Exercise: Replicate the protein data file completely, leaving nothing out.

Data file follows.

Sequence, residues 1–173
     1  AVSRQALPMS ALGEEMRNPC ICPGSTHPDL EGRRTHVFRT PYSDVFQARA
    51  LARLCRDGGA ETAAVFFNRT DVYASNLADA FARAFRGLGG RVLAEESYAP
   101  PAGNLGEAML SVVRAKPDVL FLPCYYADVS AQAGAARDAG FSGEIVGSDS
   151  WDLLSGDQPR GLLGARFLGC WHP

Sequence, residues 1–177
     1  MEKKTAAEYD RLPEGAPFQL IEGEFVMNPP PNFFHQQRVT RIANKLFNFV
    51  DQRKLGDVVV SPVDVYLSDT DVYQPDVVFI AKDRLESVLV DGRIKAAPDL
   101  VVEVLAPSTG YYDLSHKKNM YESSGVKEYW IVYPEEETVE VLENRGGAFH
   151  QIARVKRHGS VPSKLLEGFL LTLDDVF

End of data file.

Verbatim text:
Sequence, residues 1–173
     1  AVSRQALPMS ALGEEMRNPC ICPGSTHPDL EGRRTHVFRT PYSDVFQARA
    51  LARLCRDGGA ETAAVFFNRT DVYASNLADA FARAFRGLGG RVLAEESYAP
   101  PAGNLGEAML SVVRAKPDVL FLPCYYADVS AQAGAARDAG FSGEIVGSDS
   151  WDLLSGDQPR GLLGARFLGC WHP

Sequence, residues 1–177
     1  MEKKTAAEYD RLPEGAPFQL IEGEFVMNPP PNFFHQQRVT RIANKLFNFV
    51  DQRKLGDVVV SPVDVYLSDT DVYQPDVVFI AKDRLESVLV DGRIKAAPDL
   101  VVEVLAPSTG YYDLSHKKNM YESSGVKEYW IVYPEEETVE VLENRGGAFH
   151  QIARVKRHGS VPSKLLEGFL LTLDDVF